"The only concept [young people born into Communism] have of their religion is a dusty old synogogue. I'm trying to change that."

Rabbi Baruch Myers



Rabbis the world over congregated in Bratislava October 19 to commemorate the 156th anniversary of the death of Rabbi Moses Sofer, affectionately known as Chatam Sofer, who led Bratislava's Jewry from 1806-1839.
Emily Hage

Jews of all ages crowded into the synagogue on Heydukova street in Bratislava on Tuesday, October 3, to honor Yom Kippur, one of the major Jewish holidays of the year. Yet sundown the following Friday, the traditional start of the Sabbath, was like any other; the usual small group of ten elderly orthodox men could be found at the synagogue.

At one time, Bratislava's Jewry made up a third of the city's population and lived in a prime section of the Old Town. Today, the community numbers 400 people and is struggling to maintain its vitality and its Jewishness.

A lot of that struggle lies with the youth. The majority of the younger part of the community considers their Jewishness to be a cultural characteristic. Most of them only go to the synagogue on Yom Kippur and Rosh Hashanah, but otherwise they do not observe the laws of the Talmud strictly.

Rabbi Baruch Myers is trying to change all that. Inaugurated on June 20, 1993, as the Jewish community's first rabbi in 25 years, Myers said that young people born into communism are "wary of ideology." "The only concept they have of their religion is a dusty old synagogue," Myers said. "I'm trying to change that."

One sign of his progress so far was found on a recent Monday, when a small crowd of people gathered to celebrate Simchastorah, the festival celebrating the completion of the reading of the Torah. Last year, very few of these people attended.

One example of that effort can be found with Zuzana Szatmary and her son, Michal. Szatmary readily acknowledged that her parents were not religious Jews after World War II because they wanted to "erase those things that led to what happened." But she did not follow their example. "I did the opposite with my son."

Michal Szatmary, 20, has been studying political science in Israel for two years, and considers himself a religious Jew.

Creating a community

Another task facing Myers, a native of New Jersey, is mending the varied strains of Jewish identities within the community - from those who are religious, to those who consider it as a cultural characteristic, to Zionists. He added that he welcomes diversity, and he tries to work according to the particular traditions of Jews here. "It is very rewarding and very difficult; the vast majority are not strictly observant."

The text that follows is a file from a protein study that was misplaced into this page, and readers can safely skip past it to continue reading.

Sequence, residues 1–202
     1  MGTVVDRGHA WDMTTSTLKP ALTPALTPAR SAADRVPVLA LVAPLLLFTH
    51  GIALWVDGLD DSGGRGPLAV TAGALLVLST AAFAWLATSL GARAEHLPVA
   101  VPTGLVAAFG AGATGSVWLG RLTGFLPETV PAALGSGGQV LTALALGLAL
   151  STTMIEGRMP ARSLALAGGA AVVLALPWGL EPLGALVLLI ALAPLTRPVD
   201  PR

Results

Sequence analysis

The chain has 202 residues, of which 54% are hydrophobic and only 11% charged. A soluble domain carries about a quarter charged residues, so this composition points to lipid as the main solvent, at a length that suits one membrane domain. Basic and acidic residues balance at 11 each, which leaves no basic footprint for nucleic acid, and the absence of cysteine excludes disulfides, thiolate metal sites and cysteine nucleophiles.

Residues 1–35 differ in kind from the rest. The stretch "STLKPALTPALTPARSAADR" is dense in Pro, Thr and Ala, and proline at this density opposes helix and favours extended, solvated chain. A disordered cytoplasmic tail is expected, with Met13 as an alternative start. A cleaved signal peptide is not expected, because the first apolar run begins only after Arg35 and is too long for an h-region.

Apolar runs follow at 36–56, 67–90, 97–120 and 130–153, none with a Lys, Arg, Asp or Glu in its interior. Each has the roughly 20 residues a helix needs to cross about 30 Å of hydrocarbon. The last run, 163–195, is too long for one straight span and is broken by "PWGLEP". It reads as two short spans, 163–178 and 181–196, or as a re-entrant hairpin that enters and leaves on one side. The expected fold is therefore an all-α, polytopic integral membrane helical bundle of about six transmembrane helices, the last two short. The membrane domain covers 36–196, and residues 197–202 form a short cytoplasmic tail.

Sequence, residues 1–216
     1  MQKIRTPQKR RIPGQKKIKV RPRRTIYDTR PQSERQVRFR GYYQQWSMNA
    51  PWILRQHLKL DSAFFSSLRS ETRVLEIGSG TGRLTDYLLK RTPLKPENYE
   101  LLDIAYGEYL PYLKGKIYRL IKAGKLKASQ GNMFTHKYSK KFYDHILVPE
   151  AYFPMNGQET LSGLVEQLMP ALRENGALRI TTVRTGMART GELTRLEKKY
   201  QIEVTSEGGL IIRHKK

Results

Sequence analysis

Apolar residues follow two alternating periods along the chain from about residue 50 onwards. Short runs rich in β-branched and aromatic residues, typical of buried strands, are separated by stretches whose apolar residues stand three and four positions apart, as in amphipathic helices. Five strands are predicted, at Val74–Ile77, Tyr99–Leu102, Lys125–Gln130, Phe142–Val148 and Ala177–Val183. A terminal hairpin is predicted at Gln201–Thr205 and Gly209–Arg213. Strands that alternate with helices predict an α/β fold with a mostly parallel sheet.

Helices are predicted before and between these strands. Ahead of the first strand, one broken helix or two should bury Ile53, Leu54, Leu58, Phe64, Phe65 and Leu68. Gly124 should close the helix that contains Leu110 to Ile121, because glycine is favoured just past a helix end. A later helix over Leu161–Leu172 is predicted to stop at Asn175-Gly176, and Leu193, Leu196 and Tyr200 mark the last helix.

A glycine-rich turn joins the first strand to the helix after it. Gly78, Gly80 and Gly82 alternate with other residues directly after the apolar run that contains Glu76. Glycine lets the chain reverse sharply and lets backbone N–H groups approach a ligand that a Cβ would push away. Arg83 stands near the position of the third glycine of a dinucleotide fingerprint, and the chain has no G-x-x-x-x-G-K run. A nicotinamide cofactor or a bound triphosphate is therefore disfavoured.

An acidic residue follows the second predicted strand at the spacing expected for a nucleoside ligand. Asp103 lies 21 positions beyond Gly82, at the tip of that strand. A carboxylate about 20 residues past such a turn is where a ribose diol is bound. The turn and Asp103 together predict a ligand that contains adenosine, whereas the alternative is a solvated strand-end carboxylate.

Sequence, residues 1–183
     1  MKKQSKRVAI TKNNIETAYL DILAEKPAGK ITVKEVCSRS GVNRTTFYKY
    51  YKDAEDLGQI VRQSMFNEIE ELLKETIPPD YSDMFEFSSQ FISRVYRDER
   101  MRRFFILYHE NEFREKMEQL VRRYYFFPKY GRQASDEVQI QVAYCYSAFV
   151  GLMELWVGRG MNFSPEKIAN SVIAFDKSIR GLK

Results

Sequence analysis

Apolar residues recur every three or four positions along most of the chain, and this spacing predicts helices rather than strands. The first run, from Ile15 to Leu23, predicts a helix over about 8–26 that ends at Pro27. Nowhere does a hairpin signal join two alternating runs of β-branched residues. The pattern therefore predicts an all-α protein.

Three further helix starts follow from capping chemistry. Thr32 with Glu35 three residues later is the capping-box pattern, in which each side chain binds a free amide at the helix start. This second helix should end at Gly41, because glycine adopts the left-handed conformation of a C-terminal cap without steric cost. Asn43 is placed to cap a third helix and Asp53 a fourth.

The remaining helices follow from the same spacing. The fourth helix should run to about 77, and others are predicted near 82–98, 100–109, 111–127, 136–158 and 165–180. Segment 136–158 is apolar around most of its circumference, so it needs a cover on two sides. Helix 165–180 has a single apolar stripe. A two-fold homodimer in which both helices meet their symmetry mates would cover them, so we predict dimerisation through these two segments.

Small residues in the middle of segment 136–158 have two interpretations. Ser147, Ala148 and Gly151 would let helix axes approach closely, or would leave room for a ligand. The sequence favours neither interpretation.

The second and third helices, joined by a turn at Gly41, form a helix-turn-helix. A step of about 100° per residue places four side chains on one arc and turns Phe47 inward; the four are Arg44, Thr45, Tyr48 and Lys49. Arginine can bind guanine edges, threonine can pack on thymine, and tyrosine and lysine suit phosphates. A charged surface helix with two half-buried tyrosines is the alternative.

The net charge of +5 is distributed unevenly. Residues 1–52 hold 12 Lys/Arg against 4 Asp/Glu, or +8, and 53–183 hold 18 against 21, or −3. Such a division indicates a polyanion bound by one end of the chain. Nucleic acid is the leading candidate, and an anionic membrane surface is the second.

With the fall of communism's restriction on religion in 1989, Jews across Slovakia are rebuilding their communities, which was one of the largest in Central Europe before World War II, and reconcile the differences within them.


Rabbi Baruch Myers is trying to unite Bratislava's Jewish community.
Emily Hage

From the 88,000 Jews that once lived in Slovakia, only 3,000 remain, primarily due to two deportations - in 1942 and in 1944 - as well as the emigration of many Jews after the war. In Bratislava, older Jews continued to go to the synagogue after the war, but communism discouraged them from openly practicing their faith for fear of having their education and job opportunities be limited. Faced with that choice, most people assimilated.

There was also physical evidence of the Jewish community's decline in the Slovak capital. The synagogue on Hejdukova street was once one of three in Bratislava.

The Neogotická synagogue on Rybné námestie was built in 1893 but destroyed in 1967, along with what remained of the Jewish ghetto, in order to build the SNP bridge. The Ortodoxná synagogue, built in 1862, once stood on Zámocká ulica, but it was destroyed in 1961 after being damaged during World War II.

Building the Faith

A large part of Myers's role as rabbi is to provide members of the community with "a full range of possibilities," he said. He teaches classes on such topics as women in the Talmudic law, and his wife, Chana Myers, has organized a number of education programs for Jewish youth, including a day camp in the summer, Jewish Sunday school, as well as a pre-school program.

She said that through her work she has seen signs showing that members of the Jewish community are coming to realize that "It's okay to be Jewish." The Czechoslovak Union of Jewish Youth (CSUJY) was created at the end of 1990 for Jews between the ages of 15 and 35 "to preserve and develop Jewish culture, tradition, customs and religion." The CSUJY, which is located at the local Jewish Community Center, organizes five to six seminars a year to discuss topics of concern and to rehabilitate cemeteries and synagogues. It is now offering Hebrew courses there.

Despite the hopeful signs, many Jews are still hesitant to identify themselves, and there are still visible signs of anti-Semitism. A month after his inauguration, for example, Myers was attacked by skinheads, an event that attracted world-wide attention.

While the rebuilding continues to take place, opinions differ as to what the future holds for Bratislava's Jewry. "I see a significant group of individuals interested in religion," Myers said. "I am very optimistic about the state of the religion here." Tomáš Stern, a former president of the CSUJY, does not believe that will happen. "We will have a secular Jewish community where religion will not play a big role."

Pavel Meštan, the director of the Museum of Jewish Culture on Mikulaška ulica, believes Jewish youth will eventually rejoin the fold. It is "only a matter of time," he said, before Jews who assimilated will "recognize their roots." "When they see that there is no need to hide anymore," Meštan said, "they see that it's proceeding toward a cultural identity."